Monday, 28 April 2014

We can all be above average (almost)

I was reading a very interesting article on behavioural psychology today and its effect with relation to Peak oil, climate change etc. I really liked the article, it does a pretty good job of explaining skepticism towards change, it is a must read for certain. I could not help but notice a common enough error with statistics.
To illustrate a point about human optimism particularly with regards to our own abilities, the author quotes research showing how people think that they are better drivers than average (88%) or that professors think that they are better than average (94%), which is obviously impossible as "By definition, almost half of those surveyed are 'overly optimistic'" or in other words 38% of drivers surveyed and 94% of professors must be wrong. Interestingly, it is possible for the surveyed people to be right, although very unlikely and here is why.

The arithmetic mean or average of a distribution is simply the sum of all values of the distribution divided by the number of items in the distribution. Say that we quantify driver ability on a scale of 0 to 1000, where 1000 is the driving skills of Michael Schummacher coupled with the law abiding ethos of a 50 year old German protestant pastor and 0 is the law abiding ethos of an Italian teenager coupled with the driving skills of a 100 year old arthritic, half blind grandmother.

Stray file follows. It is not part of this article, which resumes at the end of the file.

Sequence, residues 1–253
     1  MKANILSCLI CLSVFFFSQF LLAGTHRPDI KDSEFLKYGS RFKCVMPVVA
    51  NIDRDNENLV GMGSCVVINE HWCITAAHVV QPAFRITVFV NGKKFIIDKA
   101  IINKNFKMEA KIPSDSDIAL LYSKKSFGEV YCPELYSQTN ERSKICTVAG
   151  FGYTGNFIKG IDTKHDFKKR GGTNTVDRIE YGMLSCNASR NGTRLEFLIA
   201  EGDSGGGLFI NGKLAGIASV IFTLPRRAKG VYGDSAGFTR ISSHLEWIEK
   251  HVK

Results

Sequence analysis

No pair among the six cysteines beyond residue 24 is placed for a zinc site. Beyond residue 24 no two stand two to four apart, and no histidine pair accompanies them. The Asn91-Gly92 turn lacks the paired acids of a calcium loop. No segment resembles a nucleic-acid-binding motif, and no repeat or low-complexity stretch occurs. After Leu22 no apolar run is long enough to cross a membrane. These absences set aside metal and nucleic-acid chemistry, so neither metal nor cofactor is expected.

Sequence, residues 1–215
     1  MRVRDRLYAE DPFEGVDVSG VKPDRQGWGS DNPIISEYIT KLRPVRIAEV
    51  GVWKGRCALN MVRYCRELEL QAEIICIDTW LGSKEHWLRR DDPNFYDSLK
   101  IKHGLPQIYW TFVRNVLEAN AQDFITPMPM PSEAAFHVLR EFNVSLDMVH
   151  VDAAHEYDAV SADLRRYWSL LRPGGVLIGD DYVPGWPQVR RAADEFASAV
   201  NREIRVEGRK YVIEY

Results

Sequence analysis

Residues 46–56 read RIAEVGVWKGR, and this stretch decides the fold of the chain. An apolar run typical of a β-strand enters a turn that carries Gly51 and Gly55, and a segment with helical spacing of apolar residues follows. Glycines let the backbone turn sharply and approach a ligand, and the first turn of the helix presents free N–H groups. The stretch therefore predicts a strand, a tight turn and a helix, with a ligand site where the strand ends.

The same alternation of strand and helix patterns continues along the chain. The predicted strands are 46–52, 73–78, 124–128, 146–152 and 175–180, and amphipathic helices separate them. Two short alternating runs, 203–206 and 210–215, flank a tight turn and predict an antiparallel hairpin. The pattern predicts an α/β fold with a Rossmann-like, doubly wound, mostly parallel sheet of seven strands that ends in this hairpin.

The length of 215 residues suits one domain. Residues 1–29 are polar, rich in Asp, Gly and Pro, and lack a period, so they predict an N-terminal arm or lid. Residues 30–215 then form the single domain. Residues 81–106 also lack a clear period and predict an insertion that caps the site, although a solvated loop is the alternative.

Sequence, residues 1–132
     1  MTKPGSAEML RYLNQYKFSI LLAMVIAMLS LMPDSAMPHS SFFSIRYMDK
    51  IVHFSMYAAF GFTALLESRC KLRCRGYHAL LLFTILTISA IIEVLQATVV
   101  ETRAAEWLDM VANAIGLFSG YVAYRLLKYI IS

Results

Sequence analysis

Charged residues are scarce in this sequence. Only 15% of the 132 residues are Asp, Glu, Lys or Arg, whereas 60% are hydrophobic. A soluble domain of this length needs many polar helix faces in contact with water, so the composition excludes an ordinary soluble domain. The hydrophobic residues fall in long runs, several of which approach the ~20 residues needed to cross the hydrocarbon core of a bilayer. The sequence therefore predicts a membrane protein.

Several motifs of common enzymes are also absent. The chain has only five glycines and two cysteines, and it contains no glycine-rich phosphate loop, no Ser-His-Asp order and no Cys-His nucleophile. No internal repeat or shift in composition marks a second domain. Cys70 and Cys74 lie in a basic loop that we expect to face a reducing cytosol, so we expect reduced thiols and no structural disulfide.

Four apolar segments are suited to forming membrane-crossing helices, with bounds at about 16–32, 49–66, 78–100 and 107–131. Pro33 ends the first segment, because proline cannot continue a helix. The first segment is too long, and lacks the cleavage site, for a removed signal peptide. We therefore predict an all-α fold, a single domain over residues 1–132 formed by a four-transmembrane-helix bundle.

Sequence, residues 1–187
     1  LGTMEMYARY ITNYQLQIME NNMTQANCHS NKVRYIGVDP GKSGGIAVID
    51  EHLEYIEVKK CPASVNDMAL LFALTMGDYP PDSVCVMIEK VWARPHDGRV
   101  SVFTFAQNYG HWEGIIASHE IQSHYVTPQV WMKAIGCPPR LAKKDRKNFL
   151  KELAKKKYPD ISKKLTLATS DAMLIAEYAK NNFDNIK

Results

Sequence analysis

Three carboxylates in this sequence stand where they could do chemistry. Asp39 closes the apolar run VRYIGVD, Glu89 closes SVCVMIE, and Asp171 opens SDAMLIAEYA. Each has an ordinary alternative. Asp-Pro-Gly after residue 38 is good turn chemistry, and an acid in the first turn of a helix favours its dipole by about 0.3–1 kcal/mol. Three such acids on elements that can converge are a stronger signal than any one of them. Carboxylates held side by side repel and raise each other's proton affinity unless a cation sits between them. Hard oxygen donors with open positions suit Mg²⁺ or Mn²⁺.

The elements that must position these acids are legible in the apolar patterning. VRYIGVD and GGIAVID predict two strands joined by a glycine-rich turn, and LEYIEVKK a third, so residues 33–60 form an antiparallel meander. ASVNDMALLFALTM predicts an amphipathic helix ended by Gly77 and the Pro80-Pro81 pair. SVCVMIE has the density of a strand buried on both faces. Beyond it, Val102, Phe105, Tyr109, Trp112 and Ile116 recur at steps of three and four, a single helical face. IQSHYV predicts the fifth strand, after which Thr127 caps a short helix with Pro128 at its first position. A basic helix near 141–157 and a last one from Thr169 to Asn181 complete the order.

We take a random selection of 10 people and measure their driving skills. These are their results:

  1. 501
  2. 500
  3. 504
  4. 502
  5. 503
  6. 508
  7. 516
  8. 490
  9. 491
  10. 532

The average of the above distribution is 504.7 and thus we have 80% above average. what is going on here, I hear you ask?

Nothing much, just good old fashioned confusion, here is another distribution, this one is the annual salaries of ten friends who have met for a dinner party.
  1. £50100
  2. £50000
  3. £50400
  4. £50200
  5. £50300
  6. £50800
  7. £51600
  8. £49000
  9. £49100
  10. £532000

On this distribution 90% are below average, the average is close to £95k.

The author confused arithmetic mean with the median, which is described in Wikipedia as: a median is described as the numeric value separating the higher half of a sample, a population, or a probability distribution, from the lower half.

As I have shown it is possible to have almost everybody above or below average it is impossible to have more than 50% of the drivers above the median, by definition.

This post was just a little bit of facetiousness, his point still stands even if he conveyed it poorly. People think that they are above average and above the median.

Incidentally, the median for the first distribution is: 503 and for the second: £50300.

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